If you love helping students experience the magic of mathematics, this dynamic, creative approach is just what you're looking for. Mathemagical Showtime links children's natural love of magic tricks with important standards-based concepts. This high-quality program gets results because it sparks interest while it supports understanding.
Mathemagical Showtime provides a meaningful context for investigating patterns and functions – along with lots of mental math and basic skills practice.
The investigations cover a range of difficulty appropriate for upper elementary and middle school students. Supporting the blackline masters are classroom-tested, teacher-friendly directions and a commentary featuring actual student examples.
"I have never learned that much in such a short time. . . Let every school have the book and teach all of them because they would all be looking forward to learn all the tricks."
— Mayra, 6th Grade Student
"Mathemagical Showtime was very valuable. . . It encouraged students to think algebraically, to use appropriate symbols, and to explain their thinking in mathematically rigorous terms. I had a number of parents comment at Open House as to how much their family enjoyed working on the tricks after dinner.” — Erik Bennett, 6th Grade Middle School Teacher
“We have enjoyed watching and participating in the math tricks. It is fun to see our son astound our friends as well as ourselves.” — Michelle Townsend, Parent
“Mathemagical Showtime was very exciting. I never knew math could be done that way."
— David, 5th Grade Student
“Even though this was a ‘math’ class, as my daughter would say, she had something new and fun to share with her family every day. I consider that a success.” — Greg Curtis, Parent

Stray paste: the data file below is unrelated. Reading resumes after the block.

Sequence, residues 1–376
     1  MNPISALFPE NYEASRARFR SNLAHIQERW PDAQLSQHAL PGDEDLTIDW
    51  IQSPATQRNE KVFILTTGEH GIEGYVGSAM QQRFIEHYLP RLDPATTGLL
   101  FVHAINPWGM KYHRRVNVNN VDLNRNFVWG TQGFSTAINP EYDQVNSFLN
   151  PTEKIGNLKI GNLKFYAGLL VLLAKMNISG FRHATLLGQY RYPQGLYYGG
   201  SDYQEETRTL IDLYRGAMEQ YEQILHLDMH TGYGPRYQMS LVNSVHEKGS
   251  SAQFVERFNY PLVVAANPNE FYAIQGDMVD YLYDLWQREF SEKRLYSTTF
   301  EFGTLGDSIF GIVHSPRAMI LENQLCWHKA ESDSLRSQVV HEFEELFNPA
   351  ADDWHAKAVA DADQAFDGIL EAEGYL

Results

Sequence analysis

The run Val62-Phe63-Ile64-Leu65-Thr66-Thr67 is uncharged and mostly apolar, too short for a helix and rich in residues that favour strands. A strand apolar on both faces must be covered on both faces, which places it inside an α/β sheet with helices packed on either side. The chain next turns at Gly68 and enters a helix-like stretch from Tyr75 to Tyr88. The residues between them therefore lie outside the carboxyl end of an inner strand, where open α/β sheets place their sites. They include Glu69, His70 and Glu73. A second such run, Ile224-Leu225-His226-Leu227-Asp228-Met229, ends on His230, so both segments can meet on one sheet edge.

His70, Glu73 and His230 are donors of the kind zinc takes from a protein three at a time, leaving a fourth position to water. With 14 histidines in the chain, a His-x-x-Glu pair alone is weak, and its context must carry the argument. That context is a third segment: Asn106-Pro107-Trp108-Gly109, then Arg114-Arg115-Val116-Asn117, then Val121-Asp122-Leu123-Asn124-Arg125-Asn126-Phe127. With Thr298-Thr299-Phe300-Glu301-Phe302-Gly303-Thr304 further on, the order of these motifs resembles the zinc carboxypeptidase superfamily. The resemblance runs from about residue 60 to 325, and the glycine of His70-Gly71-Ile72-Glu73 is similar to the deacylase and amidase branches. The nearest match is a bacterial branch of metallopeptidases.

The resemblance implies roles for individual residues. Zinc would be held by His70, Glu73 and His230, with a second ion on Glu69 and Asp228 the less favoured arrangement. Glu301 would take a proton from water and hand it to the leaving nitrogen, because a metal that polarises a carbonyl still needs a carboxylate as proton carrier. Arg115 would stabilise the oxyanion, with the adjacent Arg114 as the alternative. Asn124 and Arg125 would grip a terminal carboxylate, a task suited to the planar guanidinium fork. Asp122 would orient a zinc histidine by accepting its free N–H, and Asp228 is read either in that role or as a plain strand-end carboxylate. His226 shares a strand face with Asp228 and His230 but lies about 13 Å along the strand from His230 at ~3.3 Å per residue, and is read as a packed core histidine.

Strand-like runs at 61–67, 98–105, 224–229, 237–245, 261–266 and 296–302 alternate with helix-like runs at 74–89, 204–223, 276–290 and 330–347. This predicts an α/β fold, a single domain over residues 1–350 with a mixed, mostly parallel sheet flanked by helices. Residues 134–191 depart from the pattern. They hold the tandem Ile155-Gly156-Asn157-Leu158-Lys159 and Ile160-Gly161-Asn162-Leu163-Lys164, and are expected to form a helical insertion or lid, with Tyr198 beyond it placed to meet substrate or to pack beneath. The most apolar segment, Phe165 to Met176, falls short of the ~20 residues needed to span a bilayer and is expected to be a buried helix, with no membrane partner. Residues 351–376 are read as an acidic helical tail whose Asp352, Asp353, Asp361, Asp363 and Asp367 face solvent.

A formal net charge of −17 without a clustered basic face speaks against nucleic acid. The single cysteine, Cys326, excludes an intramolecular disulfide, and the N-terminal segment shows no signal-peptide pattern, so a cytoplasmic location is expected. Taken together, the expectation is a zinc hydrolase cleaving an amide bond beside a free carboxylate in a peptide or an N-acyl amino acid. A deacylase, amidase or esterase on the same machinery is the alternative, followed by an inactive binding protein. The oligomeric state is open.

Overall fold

Author's Note on "Mathemagic"
To many students, mathematics is a kind of magic—an "occult science" whose secrets are somehow, mysteriously, revealed to some but not to others. The paradoxical message of Mathemagical Showtime! is that math is not magic, and that it doesn't take a "mathemagician" to understand the basic logic and language of mathematics.
Mathemagical Showtime! provides a high-interest context for investigating important mathematical ideas, with a particular focus on patterns and functions. Using magic tricks and stunts to enrich the math curriculum is certainly not a new idea—the math education literature is full of suggestions for "mathemagical" demonstrations. To date, however, there has been no effort to group these activities into a teachable classroom unit organized around a coherent body of mathematical ideas. Moreover, most suggestions for using numerical magic tricks call for the teacher to reveal the "math behind the magic"—rather than having students discover the magician's secret in the course of an investigation.
For the latter idea, I am indebted to Marilyn Burns, who was kind enough to look over an early, very rough draft of the unit. Marilyn helped reword the first investigation and piloted it with a group of students. This was a turning point in the evolution of the unit. What had been up to this point an enjoyable and stimulating set of enrichment activities became a series of serious—and much more engaging—investigations.